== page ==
Mussel Community Studies [Year Three].

Kanter, Robert (1979) Mussel Community Studies [Year Three]. Los Angeles, CA, University of Southern California, Institute of Marine Sciences, (Southern California Baseline Study and Analysis 1977/1978,2-7.0)

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Abstract

The communities associated with Mytilus californianus (mussel) beds from 20 geographic sites in southern California were examined. The study areas included six mainland sites - Government Point, Goleta Point, Ventura, Corona del Mar, Carlsbad, and San Diego,and two sites on opposite sides of seven offshore islands - San Miguel Island, Santa Rosa Island, Santa Cruz Island, Anacapa Island, San Nicholas Island, Santa Cruz Island and San Clemente Island. : The mussel communities from all areas contributed to the master species list which now encompasses conservatively, 610 species of animals and 141 species of algae. The most diverse collection came from Cat Rock, Anacapa Island where the mussel beds supported 174 species of invertebrates. The lowest diversity was recorded for mussel beds from Ben Weston, Santa Catalina Island which contained 46 species. In general, the island mussel beds supported a greater diversity of both animals and plants. Mussel community samples were collected from upper and lower intertidal areas occupied by the mussel beds within a locality. Community differences in both composition and abundance were associated with these collections. Overall. community similarity analysis revealed five major patterns which corresponded to characteristic species assemblages occupying the mussel beds from the various geographic areas. The patterns included: (1) clusters of localities which display a north-south geographic pattern with respect to the similarity of their respective mussel communities, (2) a separation of selected island and mainland communities because of dissimilarities in their species composition, (3) differences between mussel communities. on opposite sides of the offshore islands, (4) clusters of species whose highest abundances characterize selected localities, (5) species groups ubiquitous to all mussel beds examined. The results of the community analysis further suggest that predictions can be made delineating the probable mussel community inhabitants of areas not sampled. The species distribution patterns observed appear to correspond in part to the influence of currents and water masses which bear planktonic larvae and impinge on selected localities. The most important mussel bed features associated with community differences were quantitative and qualitative differences in the potential microhabitats. Those features associate~ with greater species diversity include the pore base of coarse fraction shell and rock debris, skewness and kurtosis of the sediment grain-size distributions and mussel bed thickness. Those features associated with lower species diversity included the quantity of tar. and rock and shell debris trapped within the mussel bed. (PDF contains 51 pages)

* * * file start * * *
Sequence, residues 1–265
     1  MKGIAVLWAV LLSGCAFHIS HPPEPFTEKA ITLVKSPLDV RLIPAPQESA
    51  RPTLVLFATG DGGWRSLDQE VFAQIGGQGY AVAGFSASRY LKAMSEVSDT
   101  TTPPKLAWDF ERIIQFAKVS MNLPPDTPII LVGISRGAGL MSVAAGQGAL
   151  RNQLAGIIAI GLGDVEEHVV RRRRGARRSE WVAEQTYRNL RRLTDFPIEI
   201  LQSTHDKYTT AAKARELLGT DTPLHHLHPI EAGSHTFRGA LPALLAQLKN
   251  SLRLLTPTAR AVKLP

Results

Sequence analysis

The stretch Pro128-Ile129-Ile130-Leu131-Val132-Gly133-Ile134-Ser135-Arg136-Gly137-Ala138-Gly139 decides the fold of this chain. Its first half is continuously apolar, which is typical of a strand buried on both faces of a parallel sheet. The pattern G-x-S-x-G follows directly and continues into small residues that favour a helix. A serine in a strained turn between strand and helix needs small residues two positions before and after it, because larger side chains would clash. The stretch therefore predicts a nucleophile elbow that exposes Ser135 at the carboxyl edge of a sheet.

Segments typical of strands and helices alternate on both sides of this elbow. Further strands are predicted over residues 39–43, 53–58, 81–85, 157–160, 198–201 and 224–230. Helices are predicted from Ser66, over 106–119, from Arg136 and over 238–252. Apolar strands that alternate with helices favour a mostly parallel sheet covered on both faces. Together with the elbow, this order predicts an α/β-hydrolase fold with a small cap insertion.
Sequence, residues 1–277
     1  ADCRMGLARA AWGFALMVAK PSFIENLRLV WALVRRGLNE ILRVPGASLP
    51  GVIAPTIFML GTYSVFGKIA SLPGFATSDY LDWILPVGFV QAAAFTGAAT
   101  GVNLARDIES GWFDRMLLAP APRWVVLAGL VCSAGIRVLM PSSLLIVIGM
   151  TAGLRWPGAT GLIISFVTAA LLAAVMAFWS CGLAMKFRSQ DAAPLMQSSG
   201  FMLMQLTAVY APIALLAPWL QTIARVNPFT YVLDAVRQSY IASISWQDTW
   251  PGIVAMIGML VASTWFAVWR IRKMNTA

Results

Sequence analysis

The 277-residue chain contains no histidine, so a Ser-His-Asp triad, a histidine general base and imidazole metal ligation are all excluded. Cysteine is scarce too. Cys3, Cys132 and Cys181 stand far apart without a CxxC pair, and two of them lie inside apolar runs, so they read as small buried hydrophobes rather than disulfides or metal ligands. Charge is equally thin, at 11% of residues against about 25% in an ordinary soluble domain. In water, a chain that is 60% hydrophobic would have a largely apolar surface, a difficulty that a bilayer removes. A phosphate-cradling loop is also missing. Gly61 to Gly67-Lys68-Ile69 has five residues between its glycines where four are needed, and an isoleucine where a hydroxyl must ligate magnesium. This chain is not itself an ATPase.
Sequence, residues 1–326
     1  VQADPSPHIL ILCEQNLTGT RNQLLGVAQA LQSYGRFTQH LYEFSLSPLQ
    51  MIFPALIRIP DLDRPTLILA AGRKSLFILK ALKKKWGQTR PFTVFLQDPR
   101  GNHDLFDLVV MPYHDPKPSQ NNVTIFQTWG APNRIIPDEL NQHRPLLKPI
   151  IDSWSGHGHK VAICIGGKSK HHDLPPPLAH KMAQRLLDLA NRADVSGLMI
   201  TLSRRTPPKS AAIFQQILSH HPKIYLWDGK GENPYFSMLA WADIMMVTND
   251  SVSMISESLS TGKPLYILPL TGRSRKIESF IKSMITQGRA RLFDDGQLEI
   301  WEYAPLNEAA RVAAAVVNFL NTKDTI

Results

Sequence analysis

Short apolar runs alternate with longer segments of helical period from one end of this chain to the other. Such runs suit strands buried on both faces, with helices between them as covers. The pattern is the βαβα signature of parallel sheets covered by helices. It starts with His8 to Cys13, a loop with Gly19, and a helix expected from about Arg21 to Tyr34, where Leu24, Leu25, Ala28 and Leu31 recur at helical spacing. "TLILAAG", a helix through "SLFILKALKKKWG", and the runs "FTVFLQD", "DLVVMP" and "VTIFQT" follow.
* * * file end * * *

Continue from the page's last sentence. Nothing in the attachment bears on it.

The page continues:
Item Type: Monograph or Serial Issue
Title: Mussel Community Studies [Year Three].
Personal Creator/Author:
CreatorsEmail
Kanter, Robert
Series Name: Southern California Baseline Study and Analysis 1977/1978
Volume: 2
Number: 7.0
Date: 1979
Publisher: University of Southern California, Institute of Marine Sciences
Place of Publication: Los Angeles, CA
Projects: Contract AA550-CT7-44 to Science Applications, Inc.
Funders: Bureau of Land Management, Department of the Interior
Additional Information: Variant title: Southern California baseline study intertidal, year three. "BLM/YN/SR-79-01
Uncontrolled Keywords: California Channel Islands; BLM
Subjects: Ecology
Biology
Environment
Item ID: 2451
Depositing User: Joe Wible
Date Deposited: 16 Jul 2009 22:07
Last Modified: 29 Sep 2011 19:04
URI: http://aquaticcommons.org/id/eprint/2451

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